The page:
Blog Archives

Lots more roots!

I think it’s time to pot up this rooted side shoot!


I measured the roots when I removed it from the jar, and the longest were about 8cm – not bad for about a week’s growth!

Next step was to carefully pot it up in some multipurpose compost and water it in very well:


I then put it in my shady coldframe so that it will be protected from hot sun (if we get any!) until the roots have had a chance to establish, after which it can go back out into a sunny spot to grow on.

It already has a little flower bud on it, so I may see fruit quicker than I think!



Well, it took 8 days for the first root to appear (yesterday), but my tomato side shoot is really picking up the pace today:



The question is, do I bother to do anything with it? The only reason I stuck it in some water was to see how easily it would root, and the answer is, “very!”, but I don’t actually need any more plants, sooooo….?

Actually, why am I even pretending to ponder this?? I’m a gardener, and as such I can almost never bring myself to throw away healthy plant material, so you just know that this cutting is going to get potted up and bunged somewhere or other, if only to find out how quickly it grows and becomes productive.

Inquiring minds need to know…

Side-shooting tomatoes

It’s about now that I’m really on the lookout for unwanted growth on my tomato plants.

Owing to space restrictions, I grow only indeterminate (also known as cordon) varieties of tomatoes, ie. those that are reduced to a single main stem which bears the crop. This means that all side shoots have to be removed as soon as they are large enough to be grasped and detached, and as they start to appear quite early in the development of the plant, you have to keep an eye out for them.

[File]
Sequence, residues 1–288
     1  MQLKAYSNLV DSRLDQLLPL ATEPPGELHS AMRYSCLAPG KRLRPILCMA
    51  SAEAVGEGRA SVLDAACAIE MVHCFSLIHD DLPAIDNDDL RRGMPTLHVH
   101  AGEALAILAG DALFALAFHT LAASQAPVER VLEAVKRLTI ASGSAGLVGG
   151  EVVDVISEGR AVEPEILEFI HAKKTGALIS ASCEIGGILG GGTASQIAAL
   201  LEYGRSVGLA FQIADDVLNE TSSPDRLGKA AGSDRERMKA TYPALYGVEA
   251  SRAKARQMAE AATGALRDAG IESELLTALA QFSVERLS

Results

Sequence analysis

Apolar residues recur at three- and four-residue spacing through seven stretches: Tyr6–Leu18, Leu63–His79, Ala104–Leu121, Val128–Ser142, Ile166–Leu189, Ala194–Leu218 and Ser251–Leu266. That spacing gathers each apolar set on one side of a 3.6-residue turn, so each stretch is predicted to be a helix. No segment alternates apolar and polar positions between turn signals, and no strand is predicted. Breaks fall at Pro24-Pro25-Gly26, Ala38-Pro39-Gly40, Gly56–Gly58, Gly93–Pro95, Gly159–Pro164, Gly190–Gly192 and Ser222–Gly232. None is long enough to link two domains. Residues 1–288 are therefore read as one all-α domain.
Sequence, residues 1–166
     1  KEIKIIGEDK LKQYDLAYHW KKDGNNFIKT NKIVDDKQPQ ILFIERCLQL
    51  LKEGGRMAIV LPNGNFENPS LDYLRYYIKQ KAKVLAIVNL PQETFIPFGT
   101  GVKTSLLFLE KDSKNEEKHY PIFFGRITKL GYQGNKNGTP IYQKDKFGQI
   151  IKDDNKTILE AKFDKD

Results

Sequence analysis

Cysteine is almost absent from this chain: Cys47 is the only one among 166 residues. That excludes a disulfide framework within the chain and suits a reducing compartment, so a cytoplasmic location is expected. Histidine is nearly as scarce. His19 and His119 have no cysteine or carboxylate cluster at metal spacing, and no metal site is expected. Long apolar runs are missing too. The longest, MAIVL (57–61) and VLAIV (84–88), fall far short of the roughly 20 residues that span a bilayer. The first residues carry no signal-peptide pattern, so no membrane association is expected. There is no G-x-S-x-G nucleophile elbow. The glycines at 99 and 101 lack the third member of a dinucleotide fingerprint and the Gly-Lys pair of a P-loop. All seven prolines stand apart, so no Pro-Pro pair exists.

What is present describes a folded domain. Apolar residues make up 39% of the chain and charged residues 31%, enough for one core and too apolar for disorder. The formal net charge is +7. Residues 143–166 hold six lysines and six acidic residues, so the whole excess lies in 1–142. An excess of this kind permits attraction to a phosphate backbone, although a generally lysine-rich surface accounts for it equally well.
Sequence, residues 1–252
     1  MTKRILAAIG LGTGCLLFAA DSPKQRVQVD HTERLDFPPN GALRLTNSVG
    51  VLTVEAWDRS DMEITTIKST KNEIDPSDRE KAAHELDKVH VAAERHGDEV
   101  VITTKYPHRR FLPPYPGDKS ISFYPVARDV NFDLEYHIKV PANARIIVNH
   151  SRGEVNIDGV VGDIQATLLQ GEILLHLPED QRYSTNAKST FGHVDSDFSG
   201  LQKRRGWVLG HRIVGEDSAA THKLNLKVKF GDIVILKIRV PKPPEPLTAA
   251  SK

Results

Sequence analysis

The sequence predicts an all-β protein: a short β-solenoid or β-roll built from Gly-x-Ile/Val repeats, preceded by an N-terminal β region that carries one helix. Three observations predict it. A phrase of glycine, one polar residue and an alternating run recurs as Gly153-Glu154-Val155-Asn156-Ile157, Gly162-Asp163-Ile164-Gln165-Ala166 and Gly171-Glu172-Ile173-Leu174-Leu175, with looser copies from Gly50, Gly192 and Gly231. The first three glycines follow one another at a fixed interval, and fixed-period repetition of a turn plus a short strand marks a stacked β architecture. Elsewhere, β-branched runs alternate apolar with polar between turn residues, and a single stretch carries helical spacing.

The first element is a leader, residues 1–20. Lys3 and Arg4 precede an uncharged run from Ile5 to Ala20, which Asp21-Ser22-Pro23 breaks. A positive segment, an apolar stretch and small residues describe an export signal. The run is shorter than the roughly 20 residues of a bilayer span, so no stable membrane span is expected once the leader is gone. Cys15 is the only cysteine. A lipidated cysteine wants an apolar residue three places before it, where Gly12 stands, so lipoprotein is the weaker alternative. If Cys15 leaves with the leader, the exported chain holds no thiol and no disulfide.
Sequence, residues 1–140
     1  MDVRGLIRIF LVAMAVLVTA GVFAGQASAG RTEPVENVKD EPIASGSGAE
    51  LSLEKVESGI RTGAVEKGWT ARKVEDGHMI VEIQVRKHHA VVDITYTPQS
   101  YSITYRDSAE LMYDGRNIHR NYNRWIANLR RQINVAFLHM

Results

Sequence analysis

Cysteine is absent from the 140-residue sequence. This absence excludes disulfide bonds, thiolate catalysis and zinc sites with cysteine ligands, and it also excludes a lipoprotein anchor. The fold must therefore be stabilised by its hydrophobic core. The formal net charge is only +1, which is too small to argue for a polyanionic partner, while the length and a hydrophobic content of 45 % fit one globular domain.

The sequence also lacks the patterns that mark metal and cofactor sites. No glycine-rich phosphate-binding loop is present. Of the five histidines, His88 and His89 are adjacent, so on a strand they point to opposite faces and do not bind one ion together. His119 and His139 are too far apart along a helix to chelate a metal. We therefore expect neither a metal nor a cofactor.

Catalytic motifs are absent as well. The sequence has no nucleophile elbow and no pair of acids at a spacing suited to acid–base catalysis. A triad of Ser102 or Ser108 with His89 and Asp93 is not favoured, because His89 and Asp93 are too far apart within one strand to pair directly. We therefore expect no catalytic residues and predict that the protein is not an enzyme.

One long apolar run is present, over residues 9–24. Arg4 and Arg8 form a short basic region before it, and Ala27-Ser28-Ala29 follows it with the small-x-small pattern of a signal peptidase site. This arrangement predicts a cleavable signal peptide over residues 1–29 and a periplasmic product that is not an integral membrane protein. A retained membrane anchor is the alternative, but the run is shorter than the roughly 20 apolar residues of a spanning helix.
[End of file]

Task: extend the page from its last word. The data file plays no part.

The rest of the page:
This is what you’re looking for:


They are very easy to spot, popping up as they do at the junction of the main stem and a leaf stalk, and easy enough to pinch out with finger and thumbnail as long as they haven’t been allowed to get enormous. The only caveat is to take them off as cleanly as possible without ripping or scratching the stem – the less damage you do to plants at any stage of their life, the better as far as I’m concerned.

In the past I have always discarded these side shoots, but just for fun I thought I would try to make a new plant from one – tomatoes are apparently incredibly willing to root from cuttings, and as a removed side shoot is effectively a cutting it should root very readily.

The easiest method is simply to suspend it in water, so I found a tiny glass jar and did just that:


I will leave it in a bright, warm place, and hopefully it should start to root in a matter of days – we shall see!